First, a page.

Multidecadal Landsat Time Series Reveals the Nature and Magnitude of Mining's Impact on Agriculture and Natural Vegetation in the Peruvian Highlands (1986-2011)

Authors: Nicholas Cuba*, Brown University
Topics: Remote Sensing, Land Use and Land Cover Change, Cultural and Political Ecology
Keywords: Remote Sensing, Landsat, Time Series, Extractive Industries, Mining, Peru
Session Type: Paper
Day: 4/11/2018
Start / End Time: 1:20 PM / 3:00 PM
Room: Iberville, Marriott, River Tower Elevators, 4th Floor
Presentation File: No File Uploaded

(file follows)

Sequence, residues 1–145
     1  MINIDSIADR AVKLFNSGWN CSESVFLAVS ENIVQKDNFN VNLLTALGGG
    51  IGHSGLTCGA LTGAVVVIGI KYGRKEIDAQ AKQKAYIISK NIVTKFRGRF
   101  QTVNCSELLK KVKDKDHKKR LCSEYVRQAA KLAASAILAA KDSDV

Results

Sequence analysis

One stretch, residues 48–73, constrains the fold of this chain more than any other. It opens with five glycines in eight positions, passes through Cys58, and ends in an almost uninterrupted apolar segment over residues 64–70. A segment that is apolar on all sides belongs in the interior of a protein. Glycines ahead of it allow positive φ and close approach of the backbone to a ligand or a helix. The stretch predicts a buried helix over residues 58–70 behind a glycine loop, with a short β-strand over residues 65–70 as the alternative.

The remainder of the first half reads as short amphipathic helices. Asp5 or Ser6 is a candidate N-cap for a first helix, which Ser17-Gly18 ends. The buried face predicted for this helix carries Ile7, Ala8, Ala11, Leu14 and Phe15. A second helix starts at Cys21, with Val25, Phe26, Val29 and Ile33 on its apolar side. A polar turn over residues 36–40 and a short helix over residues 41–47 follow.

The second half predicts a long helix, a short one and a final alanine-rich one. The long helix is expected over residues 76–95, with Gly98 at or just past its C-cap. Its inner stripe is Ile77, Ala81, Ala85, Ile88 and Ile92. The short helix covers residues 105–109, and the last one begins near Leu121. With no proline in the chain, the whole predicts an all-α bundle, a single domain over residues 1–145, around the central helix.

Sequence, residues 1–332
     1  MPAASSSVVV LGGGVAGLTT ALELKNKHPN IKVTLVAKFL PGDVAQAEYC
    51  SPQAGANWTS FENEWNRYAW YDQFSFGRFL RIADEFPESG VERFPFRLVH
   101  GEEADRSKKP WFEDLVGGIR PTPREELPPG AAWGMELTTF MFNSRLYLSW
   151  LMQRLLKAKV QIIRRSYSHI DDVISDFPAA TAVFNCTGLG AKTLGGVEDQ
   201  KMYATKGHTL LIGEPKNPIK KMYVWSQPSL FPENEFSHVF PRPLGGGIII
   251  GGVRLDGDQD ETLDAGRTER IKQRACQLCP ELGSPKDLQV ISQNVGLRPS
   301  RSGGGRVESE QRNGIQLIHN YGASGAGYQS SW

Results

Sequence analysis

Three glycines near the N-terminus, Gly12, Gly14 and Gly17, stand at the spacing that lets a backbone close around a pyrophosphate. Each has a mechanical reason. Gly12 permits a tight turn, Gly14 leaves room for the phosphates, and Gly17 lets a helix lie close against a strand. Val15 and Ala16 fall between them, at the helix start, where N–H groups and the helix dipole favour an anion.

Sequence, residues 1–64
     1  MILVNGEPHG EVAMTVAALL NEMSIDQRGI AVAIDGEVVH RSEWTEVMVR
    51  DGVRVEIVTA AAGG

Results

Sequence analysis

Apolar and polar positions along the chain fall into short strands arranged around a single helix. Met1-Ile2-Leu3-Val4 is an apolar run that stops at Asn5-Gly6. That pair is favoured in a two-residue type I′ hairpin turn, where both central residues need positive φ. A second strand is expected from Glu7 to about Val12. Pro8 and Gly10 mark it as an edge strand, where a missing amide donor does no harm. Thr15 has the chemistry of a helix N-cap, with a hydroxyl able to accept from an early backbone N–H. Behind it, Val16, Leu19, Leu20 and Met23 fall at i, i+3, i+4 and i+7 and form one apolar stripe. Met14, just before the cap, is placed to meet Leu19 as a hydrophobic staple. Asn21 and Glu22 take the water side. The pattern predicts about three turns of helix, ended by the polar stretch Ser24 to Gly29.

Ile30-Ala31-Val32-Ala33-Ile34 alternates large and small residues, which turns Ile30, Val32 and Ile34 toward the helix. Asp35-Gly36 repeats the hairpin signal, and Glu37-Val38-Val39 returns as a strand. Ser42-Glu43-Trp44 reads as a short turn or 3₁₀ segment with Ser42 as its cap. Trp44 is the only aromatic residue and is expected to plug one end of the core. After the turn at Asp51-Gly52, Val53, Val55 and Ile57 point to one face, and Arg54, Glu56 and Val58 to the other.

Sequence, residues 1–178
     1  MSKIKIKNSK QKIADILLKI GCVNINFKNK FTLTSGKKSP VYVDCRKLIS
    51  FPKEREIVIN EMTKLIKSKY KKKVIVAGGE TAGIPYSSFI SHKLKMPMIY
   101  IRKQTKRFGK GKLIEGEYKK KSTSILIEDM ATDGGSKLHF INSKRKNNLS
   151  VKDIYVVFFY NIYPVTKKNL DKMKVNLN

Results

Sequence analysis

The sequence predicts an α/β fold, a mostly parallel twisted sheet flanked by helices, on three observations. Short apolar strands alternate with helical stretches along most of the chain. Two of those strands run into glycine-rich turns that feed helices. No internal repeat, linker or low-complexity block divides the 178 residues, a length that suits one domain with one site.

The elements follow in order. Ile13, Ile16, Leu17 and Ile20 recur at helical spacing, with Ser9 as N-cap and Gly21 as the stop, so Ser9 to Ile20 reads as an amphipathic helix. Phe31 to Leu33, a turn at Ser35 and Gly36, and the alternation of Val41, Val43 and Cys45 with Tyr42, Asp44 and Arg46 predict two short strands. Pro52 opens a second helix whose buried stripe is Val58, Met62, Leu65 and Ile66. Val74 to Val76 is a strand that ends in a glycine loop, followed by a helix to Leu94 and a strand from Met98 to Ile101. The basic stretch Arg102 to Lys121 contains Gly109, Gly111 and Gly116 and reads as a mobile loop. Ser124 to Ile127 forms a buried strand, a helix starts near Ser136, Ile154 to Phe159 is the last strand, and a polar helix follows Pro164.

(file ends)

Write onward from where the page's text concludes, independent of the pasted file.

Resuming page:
Accelerated global expansion of mining, driven by growing demand for resources and facilitated by technological innovation, has transformed landscapes to an unprecedented degree and poses significant challenges to environmental sustainability. Extractive operations occupy a small area relative to other land uses such as agriculture or forestry, yet they may trigger tremendous, diffuse changes to land systems and compete for land or resource access with other anthropogenic drivers of change such as agriculture. Mining may impact agricultural production through a number of pathways, including: restricted access to land or water, outmigration, and intensification prompted by reduction in the amount of available cropland. These dynamics are well illustrated by development in Peru during that country's mining boom of the past 30 years. During this span, the regions of Cajamarca and La Libertad in the North-Central Peruvian highlands have seen the development of multiple productive mines, exploration activities and widespread expansion of mineral concessions, all near, or upstream from, large areas of agriculture. This paper uses temporally dense Landsat (1985-2011) and MODIS data series (2000-2011) to characterize the spatial extent and intensity of agricultural practices in La Libertad during these decades, to measure change of land cover as well as of vegetation condition attributable to mining, and to gauge the impact of extraction and of legal concessions to subsurface resources on agriculture. This long-term time series of moderate spatial resolution data offers the opportunity to test hypotheses about the relative strength of potential pathways through which mining impact agriculture.

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